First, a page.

Iarla Ó Lionáird has been the flag-bearer for modern singing as Gaeilge on the world music stage both with Afro Celt Sound System and through his recordings for Real World records. His solo live concerts are intense and moving events often tying in visuals in a similar way to how Sigur Rós made use of Icelandic imagery in their early tours.
This, his third record for Real World in 14 years, is enticing for the guest musicians/producers involved – namely Brian Eno, Leafcutter John and more specifically Jon Hopkins whose sublime, Mercury-nominated work with King Creosote Diamond Mine graced many an end-of-year poll in 2011.
Almost all of the songs on this album are sung in Irish, yet the music is mostly removed from any traditional Irish sound. Elements of folk remain but more in the musical phrasing than in the instruments used. The music is playful and subtle behind Ó Lionáird’s clear vocals and goes from the sunrise-sounds of the opener ‘The Heart Of The World’ to the relatively charming and chirpy ‘The Goat Song’ without making any bold statements, leaving the vocals front and centre.
The tracks that stand out do become the tracks with the more interesting arrangements. ‘Eleanor Plunkett’ is sad and beautiful, and a track that enjoys the moments of pure instrumentation as much as the sung parts and the hallmarks of Hopkins are throughout. But there is an elephant in the room, albeit a difficult one to explain. Try as best as one can to picture how “Icelandic” can sound in relations to some of the beautiful music that comes from that country, it is much harder for an Irish person to take on the Irish language in this context. The language seems to grate against the music and though this is lessened when heard in a room, on headphones it’s hard not to react to it. Trying to justify this feeling is very difficult. Perhaps it is merely something ingrained in a portion of the national psyche that instead of embracing, we (or I specifically) have to some extent pushed against. International listeners may find much more immediate beauty in it, but having knowledge of the language, it’s harder to shake.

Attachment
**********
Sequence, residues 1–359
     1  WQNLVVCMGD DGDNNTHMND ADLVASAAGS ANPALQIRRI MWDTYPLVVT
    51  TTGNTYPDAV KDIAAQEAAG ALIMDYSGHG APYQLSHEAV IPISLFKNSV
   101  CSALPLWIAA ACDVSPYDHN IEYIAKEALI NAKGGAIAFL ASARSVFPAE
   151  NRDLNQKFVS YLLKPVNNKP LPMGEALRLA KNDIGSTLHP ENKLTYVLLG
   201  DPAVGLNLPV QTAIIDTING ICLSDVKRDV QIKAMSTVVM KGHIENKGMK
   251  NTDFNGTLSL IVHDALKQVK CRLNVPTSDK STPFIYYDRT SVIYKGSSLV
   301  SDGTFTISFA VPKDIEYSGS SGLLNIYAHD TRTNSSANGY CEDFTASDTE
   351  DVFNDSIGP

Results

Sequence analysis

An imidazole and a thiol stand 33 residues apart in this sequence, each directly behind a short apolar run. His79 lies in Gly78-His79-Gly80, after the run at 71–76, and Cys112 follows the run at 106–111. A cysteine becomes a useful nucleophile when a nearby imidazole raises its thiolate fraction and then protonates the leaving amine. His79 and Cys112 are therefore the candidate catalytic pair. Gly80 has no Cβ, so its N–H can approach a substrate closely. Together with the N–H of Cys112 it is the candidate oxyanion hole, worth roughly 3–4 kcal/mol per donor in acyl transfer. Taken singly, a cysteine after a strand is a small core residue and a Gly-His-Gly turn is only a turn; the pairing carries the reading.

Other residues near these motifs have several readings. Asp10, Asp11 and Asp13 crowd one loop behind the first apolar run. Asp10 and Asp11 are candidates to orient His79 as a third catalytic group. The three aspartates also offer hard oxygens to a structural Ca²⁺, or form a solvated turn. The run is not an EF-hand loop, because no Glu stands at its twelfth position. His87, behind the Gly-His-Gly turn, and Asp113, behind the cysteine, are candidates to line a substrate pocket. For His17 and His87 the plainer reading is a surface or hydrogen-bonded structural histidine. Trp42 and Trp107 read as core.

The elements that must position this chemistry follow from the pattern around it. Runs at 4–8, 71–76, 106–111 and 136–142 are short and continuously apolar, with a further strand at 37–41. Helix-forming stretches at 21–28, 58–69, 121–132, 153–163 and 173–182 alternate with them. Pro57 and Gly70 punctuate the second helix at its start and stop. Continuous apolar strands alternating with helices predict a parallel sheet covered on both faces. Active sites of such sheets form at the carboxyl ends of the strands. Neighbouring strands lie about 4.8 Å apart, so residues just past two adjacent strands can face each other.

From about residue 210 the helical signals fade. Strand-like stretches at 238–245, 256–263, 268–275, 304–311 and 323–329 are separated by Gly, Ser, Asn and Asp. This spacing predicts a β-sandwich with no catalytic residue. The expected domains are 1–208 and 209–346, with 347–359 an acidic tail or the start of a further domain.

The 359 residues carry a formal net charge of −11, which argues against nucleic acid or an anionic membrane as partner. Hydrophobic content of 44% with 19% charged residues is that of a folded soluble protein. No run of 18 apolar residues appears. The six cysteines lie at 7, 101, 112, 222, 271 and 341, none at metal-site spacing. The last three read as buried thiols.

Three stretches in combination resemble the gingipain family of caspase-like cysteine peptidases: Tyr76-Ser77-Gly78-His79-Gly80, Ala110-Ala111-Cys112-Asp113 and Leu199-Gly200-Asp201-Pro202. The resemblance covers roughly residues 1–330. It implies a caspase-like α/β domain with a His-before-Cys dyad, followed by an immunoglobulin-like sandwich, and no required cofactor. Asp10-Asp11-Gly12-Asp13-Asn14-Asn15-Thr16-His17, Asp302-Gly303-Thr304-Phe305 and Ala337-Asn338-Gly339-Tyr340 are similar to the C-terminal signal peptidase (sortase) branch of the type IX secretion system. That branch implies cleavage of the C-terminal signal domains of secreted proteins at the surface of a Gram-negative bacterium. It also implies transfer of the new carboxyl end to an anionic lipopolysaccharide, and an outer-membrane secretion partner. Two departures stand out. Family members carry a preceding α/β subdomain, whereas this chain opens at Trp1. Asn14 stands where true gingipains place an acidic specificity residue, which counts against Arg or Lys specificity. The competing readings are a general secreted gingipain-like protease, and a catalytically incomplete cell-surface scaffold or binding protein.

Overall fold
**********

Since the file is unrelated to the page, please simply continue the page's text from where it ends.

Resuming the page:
This aside, there is a lack of any real remarkable moments on the album. There’s a monotone thread throughout which may be rooted in the music taking a bit too much of a careful approach. There are also moments of sheer middle-of-the-roadness. ‘For The Heavens’ is one such cut, essentially a world music version of AOR.
It is good to know that Irish is living on in a new musical form, with, to some extent, contemporary eyes on the music behind it but Foxlight is not quite what it might have been leaving us to wait for another path of music for our language which might some day click with all of us.